There is a pervasive air of superiority in America, a sense of entitlement that comes from being the only superpower in the world. A good number of people (mostly pundits) assume that Americans are somehow special and deserving of special treatment. I remember listening to the G. Gordon Liddy show a year or so back and hearing the producer say that Americans deserve the rights laid out in the Constitution and that no one else did. Her reasoning was that these rights were reserved to those in America only because they were “American Citizens”. The logic was circular, but a telling clue into the minds of those who believe that Americans are superior to the rest of the worlds population. It’s a disturbing trend that continues today. Apparently, members of the House are mulling changing the “birthright” clause of the Constitution in an effort to reduce illegal immigration.
The problem they are trying to address is simple. People are coming to the U.S. and giving birth to a child. This child, by law, is an U.S. citizen. These children, when they come of age are then turning around and sponsoring their parents for citizenship. Of course, the government could deport the parents before the children come of age, but then they split up the family and put a burden on the government to care for the child. So the answer they propose is to eliminate the birth right of children to be U.S. citizens if they are the child of an illegal immigrant.
So why is this wrong? Effectively, we would be setting up a class system of “Us” vs. “Them”, creating a country club of rights in which those born to certain parents are entitle more rights then those born of a different set of parents. And because of how the immigration system is currently set up, undesirables, and the children of undesirables, will be rejected based solely on their parentage. What is more un-American then that?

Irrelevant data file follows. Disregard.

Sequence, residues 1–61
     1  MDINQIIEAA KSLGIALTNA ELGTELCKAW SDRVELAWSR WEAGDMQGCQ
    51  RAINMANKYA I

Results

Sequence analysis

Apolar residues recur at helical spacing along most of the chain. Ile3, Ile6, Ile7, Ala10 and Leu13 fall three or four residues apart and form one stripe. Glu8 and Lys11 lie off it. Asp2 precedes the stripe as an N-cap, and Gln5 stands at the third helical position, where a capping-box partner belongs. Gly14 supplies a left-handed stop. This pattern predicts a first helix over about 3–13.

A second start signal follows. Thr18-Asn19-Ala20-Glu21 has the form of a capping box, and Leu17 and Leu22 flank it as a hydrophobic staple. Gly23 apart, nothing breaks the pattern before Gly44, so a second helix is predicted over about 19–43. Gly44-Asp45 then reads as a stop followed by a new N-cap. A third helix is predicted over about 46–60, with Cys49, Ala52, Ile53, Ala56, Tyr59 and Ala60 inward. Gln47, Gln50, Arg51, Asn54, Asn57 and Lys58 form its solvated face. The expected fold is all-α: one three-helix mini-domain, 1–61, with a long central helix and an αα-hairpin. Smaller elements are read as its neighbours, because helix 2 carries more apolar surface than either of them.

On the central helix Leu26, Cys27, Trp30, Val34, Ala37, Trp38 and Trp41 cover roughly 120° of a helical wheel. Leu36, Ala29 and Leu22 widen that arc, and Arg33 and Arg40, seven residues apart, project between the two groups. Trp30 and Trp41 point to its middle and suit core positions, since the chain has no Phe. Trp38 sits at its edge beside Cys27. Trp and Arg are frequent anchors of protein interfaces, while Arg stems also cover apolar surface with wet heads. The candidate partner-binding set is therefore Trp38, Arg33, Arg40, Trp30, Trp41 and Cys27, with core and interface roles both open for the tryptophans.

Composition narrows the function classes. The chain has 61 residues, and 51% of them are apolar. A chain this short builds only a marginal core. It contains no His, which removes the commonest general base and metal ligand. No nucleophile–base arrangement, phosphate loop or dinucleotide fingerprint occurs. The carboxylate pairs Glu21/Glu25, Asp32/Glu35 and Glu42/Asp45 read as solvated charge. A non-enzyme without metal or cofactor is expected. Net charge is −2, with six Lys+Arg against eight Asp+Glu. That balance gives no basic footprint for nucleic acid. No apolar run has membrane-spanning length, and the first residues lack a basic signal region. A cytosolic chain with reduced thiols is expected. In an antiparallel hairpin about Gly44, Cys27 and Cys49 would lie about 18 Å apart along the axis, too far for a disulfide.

November 4, 2005 2 Comments
October 28, 2005 Comments Off on The New Liddy
I play Powerball. There, I admit it. I’m not ashamed. Don’t get me wrong, I don’t play it a lot, but when it climbs to 340 million, I figure a dollar is a fine thing to waste on a 1 in 140 million chance at retirement. But I don’t have the illusion that I will win. So when I woke up Thursday morning to the radio talking about how someone had won in Oregon, my home state, let’s just say I got a little bit hopeful. My odds of winning went from 1 in 140 million to 1 in how ever many unique combinations were sold. Eliminate the ones that were taken from “Lost” and combinations that were on multiple tickets and suddenly my odds looked still pretty damn bad, but I had a moment of hope. Then I compared my numbers to the drawn and, well, lets just say I matched one. Ah well, back to the real world.
October 22, 2005 Comments Off on Powerball
I went to DC at the beginning of August. During the second leg of the trip there, the pilot came on the intercom and announce we had to turn back due to an indicator. It turned out that one of the engines was overheating. I wouldn’t have known that except one of the flight attendants reassured us that the plane could still fly with one engine. I didn’t know that was an option that we might have to take and I didn’t want to know. I was quite happy with knowing there was a warning light was on and that we’d be safely returning to the airport. In that situation, ignorance is bliss.